The delayed public inquiry into the death of Robert Hamill, who was kicked to death in Portadown in 1997, faces a new delay.
Full hearings which were due to begin next month have been put on hold because British Secretary Shaun Woodward is still considering a request by the Hamill family to widen the inquiry’s terms of reference.
The first of the oral evidence has yet to start, even though the opening hearing was almost three years ago.
Robert Hamill was kicked to death in Portadown 11 years ago after a vicious attack by unionists in the centre of Portadown. Members of the RUC police, sitting in a nearby Land Rover, failed to intervene.
In January 2007 Mr Hamill’s family asked the then British Secretary Peter Hain to extend the inquiry’s terms of reference to include the Director of Public Prosecutions.
This would allow the inquiry to decide whether the Crown Prosecution Service was at fault in respect of any failure to prosecute individuals following the murder. One man charged with the murder was later acquitted by a court.
Towards the end of last year, the inquiry believed a decision by Shaun Woodward on the Hamill family application was imminent.
A provisional date was then set for the oral hearings to begin on April 8th, but it emerged today that it will be another two weeks before Mr Woodward announces his decision.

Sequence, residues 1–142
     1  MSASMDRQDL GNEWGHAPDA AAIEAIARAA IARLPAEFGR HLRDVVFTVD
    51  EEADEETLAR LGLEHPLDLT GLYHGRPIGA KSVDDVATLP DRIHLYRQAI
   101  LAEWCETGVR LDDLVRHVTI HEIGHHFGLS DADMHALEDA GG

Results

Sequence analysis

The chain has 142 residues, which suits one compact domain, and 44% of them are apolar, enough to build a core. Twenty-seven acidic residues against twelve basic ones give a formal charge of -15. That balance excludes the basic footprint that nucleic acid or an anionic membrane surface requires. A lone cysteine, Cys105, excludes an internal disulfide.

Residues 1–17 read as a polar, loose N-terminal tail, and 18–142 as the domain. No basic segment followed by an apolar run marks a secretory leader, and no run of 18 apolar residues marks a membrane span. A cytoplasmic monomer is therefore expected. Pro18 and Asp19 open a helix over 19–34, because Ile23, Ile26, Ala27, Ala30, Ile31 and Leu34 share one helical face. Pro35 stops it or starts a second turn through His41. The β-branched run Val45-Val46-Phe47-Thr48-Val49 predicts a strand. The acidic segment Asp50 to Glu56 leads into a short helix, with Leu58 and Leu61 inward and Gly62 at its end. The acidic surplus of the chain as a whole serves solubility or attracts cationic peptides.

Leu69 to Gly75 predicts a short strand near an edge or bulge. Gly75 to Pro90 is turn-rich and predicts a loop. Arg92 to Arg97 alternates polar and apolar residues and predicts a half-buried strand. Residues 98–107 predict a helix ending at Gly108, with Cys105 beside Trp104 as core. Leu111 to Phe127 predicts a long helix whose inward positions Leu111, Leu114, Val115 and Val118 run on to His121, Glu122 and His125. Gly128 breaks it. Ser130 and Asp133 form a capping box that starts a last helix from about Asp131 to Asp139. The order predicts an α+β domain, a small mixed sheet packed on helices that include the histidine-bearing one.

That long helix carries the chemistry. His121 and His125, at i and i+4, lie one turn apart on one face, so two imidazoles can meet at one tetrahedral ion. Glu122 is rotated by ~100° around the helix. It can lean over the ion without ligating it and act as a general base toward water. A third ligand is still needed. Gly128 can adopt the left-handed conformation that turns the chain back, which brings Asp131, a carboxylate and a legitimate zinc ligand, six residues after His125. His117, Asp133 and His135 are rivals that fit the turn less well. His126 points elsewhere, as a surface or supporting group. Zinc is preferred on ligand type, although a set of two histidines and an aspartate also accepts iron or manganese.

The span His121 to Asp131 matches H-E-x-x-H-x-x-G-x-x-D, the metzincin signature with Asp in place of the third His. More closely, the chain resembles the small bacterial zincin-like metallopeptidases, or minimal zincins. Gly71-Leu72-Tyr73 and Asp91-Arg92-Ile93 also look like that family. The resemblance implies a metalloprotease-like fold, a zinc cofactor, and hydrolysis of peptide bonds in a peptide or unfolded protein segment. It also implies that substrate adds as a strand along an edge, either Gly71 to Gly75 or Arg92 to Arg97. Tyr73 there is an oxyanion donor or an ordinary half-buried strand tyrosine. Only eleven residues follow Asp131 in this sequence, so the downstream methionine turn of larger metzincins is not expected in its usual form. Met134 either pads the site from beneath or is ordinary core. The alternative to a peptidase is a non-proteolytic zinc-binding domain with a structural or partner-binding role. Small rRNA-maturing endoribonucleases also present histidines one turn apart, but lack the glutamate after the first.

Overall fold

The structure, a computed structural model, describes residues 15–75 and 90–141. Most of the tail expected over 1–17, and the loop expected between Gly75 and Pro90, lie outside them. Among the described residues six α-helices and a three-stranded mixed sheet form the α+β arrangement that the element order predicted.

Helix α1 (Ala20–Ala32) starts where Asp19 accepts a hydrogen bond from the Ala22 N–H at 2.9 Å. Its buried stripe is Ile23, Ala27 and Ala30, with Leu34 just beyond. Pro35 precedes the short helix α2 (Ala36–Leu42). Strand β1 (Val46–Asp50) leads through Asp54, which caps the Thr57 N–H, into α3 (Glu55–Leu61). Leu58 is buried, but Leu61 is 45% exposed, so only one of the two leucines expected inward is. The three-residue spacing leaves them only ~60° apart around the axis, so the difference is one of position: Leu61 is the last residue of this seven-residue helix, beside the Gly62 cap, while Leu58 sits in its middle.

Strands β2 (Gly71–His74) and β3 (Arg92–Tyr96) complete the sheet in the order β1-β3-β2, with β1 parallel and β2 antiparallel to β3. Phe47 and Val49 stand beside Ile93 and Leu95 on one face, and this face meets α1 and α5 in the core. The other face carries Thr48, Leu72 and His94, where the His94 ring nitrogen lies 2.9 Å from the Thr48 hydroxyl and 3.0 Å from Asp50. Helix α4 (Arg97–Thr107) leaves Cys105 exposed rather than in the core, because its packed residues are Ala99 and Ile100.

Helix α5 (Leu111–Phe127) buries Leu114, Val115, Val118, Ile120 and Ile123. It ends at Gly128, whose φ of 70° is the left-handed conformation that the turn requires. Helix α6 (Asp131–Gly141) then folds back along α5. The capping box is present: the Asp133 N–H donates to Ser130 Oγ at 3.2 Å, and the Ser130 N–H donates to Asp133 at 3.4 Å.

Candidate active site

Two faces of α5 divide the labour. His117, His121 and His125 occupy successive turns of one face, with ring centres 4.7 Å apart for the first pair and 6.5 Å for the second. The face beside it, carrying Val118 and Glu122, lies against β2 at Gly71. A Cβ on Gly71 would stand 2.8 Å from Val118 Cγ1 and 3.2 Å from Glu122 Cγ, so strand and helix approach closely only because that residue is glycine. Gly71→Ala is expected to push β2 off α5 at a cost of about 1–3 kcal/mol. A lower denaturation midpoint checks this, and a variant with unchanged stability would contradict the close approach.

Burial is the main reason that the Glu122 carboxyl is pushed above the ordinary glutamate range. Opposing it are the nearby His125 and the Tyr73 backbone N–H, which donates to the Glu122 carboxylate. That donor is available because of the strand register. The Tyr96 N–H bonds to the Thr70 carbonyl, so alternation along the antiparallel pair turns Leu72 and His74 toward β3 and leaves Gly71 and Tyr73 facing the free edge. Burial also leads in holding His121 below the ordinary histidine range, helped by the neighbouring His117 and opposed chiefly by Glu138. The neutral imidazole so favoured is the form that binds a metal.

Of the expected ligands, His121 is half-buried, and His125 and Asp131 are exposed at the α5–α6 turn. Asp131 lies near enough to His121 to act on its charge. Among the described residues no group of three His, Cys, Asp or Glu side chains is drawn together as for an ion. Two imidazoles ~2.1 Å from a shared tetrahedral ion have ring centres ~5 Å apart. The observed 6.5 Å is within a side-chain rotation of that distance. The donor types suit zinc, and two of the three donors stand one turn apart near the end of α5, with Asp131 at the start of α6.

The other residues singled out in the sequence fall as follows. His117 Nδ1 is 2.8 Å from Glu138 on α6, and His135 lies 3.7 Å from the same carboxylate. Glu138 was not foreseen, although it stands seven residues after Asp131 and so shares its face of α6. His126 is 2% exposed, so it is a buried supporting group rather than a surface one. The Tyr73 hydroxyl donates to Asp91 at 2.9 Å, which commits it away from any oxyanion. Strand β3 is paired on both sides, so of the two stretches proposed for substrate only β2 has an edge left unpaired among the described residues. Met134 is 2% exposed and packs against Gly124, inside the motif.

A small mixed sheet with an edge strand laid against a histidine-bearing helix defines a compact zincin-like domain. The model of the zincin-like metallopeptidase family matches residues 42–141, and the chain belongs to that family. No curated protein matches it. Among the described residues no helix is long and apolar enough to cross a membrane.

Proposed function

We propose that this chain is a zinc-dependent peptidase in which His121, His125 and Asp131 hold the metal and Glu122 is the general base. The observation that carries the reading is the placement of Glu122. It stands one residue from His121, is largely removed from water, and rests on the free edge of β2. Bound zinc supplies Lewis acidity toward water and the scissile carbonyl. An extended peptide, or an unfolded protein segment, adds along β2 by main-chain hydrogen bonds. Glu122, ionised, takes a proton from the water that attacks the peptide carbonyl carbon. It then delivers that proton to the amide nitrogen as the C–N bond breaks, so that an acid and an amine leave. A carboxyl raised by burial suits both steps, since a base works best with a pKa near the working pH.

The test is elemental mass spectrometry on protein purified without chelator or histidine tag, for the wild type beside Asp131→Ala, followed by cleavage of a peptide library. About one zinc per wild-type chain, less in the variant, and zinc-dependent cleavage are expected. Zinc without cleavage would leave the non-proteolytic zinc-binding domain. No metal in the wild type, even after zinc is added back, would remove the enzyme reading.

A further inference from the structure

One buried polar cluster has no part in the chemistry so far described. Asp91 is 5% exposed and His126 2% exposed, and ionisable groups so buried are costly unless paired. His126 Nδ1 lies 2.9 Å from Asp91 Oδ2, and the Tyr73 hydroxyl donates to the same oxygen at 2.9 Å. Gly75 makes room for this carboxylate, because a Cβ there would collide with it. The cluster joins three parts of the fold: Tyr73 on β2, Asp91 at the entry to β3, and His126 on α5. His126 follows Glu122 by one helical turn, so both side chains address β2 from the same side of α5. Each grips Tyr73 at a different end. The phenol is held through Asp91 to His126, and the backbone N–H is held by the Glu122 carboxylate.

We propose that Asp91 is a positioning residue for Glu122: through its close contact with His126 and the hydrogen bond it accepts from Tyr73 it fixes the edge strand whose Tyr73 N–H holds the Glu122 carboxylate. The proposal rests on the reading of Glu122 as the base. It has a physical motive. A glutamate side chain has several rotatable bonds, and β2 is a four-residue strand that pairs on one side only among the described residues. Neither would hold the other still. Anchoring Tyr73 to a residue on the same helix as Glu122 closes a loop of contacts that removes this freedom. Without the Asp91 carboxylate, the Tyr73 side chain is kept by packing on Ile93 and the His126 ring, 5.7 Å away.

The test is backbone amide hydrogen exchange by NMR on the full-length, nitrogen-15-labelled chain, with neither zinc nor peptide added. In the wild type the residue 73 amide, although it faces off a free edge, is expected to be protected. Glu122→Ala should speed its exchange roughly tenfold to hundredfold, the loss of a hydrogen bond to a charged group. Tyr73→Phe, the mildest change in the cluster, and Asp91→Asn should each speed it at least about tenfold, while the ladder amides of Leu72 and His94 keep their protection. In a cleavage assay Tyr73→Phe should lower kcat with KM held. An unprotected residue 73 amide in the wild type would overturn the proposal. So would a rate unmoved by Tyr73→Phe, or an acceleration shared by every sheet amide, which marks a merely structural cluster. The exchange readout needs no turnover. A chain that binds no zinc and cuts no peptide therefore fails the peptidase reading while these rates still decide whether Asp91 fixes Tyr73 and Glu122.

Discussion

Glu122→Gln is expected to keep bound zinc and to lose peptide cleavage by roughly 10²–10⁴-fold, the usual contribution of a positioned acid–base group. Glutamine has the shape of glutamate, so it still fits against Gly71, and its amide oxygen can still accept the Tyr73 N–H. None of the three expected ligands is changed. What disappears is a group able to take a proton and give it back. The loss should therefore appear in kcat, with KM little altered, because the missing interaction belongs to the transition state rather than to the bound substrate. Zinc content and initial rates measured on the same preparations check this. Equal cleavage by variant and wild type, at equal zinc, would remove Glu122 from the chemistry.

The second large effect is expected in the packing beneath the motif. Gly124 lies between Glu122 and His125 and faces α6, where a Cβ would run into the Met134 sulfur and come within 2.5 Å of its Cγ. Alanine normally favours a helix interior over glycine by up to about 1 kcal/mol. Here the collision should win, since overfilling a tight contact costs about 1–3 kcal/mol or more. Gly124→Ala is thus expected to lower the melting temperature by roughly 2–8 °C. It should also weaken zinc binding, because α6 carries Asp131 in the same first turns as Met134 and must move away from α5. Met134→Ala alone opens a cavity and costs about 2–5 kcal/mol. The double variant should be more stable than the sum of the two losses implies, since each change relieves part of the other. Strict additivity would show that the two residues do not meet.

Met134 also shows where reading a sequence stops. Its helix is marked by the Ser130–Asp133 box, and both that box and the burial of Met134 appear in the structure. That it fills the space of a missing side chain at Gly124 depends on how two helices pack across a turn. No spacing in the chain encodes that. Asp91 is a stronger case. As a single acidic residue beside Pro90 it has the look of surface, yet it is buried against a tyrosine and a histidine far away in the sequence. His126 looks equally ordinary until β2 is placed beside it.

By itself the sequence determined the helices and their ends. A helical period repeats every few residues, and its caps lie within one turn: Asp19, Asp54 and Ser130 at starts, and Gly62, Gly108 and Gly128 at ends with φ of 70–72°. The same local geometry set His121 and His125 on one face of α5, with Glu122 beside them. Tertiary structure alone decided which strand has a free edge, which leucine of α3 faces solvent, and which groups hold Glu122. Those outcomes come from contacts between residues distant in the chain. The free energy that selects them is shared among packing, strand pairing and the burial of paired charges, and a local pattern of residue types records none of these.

A spokesperson for the inquiry said today: “The inquiry is naturally disappointed. The delay is likely to increase the cost of the inquiry. However by taking the decision at this stage to vacate the start date, the inquiry hopes to minimise any such increase.
“Until the decision is announced, the inquiry is not in a position to set a new start date. It will announce one as soon as possible.”
Meanwhile, a PSNI police officer has told the Billy Wright inquiry he has “no recollection” of a document which said the republican paramilitary INLA intended to kill LVF leader inside Long Kesh prison.
The notoroius unionist paramilitary leader was shot dead by INLA prisoners in the jail in December 1997.
The officer, identified only as FG, ran the desk in Special Branch headquarters which dealt with gathering intelligence against the INLA in the late 1990s.
An agent handler told the hearing on Monday he had handed such a report in to the desk, known as E3A, that April.
By May 1997 details of the threat were in a police computer database and the document was produced to the inquiry on Tuesday.
But the Special Branch officer said that he could not remember ever having seen it.
He confirmed the INLA was not on ceasefire at that time and that they were actively targeting people.
He also claimed that all threats against individuals would have led to action being taken - regardless of the intelligence assessment of that threat.